He has now carried his branding acumen and strategy over to the political arena.
Make America Great Again™
Beyond his charisma and single-minded focus on WINNING, It is Trump’s branding genius that has helped to separate him from his rivals on the stage. He began by appropriating Reagan’s brand.
As many know, Trump lifted his “Make American Great Again” presidential slogan directly from the 1980 Reagan/Bush electoral slogan. Immediately after the 2012 election, Trump trademarked the slogan for his own use. To protect his branded identity, Trump filed a trademark application to protect against its use by other candidates’ campaigns or political action committees. He later criticized Cruz and Scott Walker for dropping the phrase in their campaigns, asserting that the slogan "is my whole theme."
Trump is savvy enough to have coopted the Reagan brand, one that enjoys universal support among GOP voters and has cross-party appeal to the white working class ‘Reagan-Democrats.’
In case anyone missed the association, Trump had his volunteers circulate the following photo to potential supporters prior to entering the race. (It is worth noting that Trump had no real relationship with Reagan, as the latter’s staff worked to keep the real estate mogul at arm’s length.)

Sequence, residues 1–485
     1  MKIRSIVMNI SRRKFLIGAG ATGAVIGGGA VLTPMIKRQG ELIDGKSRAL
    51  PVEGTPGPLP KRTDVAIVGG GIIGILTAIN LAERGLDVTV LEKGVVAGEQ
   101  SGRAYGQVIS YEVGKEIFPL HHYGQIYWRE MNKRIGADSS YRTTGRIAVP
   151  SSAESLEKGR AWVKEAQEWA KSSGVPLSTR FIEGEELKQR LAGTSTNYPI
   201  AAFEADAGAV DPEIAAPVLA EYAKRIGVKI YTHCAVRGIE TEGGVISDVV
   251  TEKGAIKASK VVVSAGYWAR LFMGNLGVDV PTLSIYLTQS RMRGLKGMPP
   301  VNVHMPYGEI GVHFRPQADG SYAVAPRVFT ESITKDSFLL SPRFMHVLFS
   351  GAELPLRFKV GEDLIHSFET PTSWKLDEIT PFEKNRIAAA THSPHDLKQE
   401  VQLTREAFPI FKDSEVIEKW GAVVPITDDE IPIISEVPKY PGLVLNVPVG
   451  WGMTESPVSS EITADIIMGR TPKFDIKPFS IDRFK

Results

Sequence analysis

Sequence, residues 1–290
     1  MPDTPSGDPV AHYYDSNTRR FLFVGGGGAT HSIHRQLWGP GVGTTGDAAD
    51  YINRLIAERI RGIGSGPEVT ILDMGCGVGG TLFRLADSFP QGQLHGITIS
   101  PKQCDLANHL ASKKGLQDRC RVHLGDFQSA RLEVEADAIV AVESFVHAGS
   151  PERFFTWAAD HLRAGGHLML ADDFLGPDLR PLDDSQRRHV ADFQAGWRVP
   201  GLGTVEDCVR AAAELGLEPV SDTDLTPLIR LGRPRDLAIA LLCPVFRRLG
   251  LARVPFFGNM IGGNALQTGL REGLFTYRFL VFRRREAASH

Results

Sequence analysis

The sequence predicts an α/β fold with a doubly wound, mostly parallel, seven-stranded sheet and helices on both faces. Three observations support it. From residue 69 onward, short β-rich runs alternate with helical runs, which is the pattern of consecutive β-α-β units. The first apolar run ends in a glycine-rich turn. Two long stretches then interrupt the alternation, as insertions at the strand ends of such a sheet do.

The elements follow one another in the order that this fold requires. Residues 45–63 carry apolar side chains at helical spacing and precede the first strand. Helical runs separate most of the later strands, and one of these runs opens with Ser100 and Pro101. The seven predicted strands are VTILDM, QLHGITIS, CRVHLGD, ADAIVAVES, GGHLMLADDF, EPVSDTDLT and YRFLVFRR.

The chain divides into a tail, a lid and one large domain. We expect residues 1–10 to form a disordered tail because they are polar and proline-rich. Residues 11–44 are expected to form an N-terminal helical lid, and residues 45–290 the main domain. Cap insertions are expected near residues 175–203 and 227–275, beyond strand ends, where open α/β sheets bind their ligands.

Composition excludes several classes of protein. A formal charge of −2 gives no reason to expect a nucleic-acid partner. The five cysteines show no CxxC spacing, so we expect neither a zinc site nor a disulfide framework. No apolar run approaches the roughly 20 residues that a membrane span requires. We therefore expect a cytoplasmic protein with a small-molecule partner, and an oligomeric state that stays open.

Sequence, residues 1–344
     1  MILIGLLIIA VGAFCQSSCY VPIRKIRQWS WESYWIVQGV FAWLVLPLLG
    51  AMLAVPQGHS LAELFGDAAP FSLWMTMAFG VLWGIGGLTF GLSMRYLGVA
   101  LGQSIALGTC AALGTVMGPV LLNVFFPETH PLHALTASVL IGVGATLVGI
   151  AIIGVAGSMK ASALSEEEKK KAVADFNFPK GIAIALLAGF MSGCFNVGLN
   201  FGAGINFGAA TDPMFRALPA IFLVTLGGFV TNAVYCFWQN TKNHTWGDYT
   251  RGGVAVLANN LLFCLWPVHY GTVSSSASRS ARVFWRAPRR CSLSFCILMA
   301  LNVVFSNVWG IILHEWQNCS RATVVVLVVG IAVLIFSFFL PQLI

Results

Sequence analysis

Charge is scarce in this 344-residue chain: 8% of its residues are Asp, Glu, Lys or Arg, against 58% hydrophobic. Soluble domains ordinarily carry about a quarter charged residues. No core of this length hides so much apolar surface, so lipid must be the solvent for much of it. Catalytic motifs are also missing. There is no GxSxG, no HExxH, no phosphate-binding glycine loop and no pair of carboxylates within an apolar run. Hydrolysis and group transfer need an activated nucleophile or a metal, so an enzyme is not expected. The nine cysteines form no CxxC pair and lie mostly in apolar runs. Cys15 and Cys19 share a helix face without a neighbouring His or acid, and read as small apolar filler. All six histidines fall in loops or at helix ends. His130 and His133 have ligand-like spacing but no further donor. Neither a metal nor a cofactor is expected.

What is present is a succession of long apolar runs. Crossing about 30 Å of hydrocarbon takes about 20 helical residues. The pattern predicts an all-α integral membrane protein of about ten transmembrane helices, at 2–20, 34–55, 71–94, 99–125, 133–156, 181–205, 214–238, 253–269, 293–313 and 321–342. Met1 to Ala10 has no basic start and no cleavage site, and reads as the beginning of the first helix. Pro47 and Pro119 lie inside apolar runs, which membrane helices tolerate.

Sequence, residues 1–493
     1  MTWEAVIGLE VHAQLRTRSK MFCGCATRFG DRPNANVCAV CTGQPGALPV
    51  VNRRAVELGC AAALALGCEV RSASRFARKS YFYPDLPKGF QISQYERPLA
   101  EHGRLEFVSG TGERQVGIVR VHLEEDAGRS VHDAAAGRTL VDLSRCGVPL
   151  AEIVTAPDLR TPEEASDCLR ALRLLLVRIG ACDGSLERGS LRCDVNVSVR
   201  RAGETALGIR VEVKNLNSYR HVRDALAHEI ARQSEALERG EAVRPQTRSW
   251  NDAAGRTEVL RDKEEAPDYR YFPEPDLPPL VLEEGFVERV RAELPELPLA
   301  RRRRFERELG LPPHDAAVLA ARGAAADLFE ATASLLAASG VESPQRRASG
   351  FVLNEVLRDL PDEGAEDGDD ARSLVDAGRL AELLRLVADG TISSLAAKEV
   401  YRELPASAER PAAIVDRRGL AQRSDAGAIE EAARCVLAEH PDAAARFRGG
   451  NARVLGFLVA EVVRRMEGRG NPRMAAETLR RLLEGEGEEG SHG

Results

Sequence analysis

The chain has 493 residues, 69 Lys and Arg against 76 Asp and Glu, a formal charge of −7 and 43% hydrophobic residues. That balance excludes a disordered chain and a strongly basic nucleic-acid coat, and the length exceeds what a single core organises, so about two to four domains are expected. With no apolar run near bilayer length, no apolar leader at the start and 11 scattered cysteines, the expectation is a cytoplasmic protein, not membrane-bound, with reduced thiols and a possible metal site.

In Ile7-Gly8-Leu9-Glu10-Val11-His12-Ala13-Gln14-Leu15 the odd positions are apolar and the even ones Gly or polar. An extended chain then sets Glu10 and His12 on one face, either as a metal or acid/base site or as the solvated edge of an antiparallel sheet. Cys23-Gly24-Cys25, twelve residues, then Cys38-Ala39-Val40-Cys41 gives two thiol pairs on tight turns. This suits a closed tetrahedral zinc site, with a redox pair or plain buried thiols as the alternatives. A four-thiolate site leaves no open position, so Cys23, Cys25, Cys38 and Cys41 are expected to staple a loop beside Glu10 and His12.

Not exactly subtle.
Next came Trump's Nixon-era slogan “Silent Majority Supports Trump.” This historical allusion is no accident, but rather a fairly naked appeal by the Trump campaign to downwardly-mobile whites in the party. In 1969, President Richard Nixon coined the phrase in a speech wherein he appealed to the “silent majority” of Americans to support him in the Vietnam War.
Trump has repurposed the vaguely racial slogan to appeal to Tea Party sensibilities of many in the modern GOP who want to “take the country back” (from immigrants, minorities and all those believed to have benefited at the expense of hard-working rule-abiding Americans). The slogan resonates especially well with older GOP voters, many of whom actually remember and are still rankled by the anti-war activists, feminists, civil rights activists of the 1960s.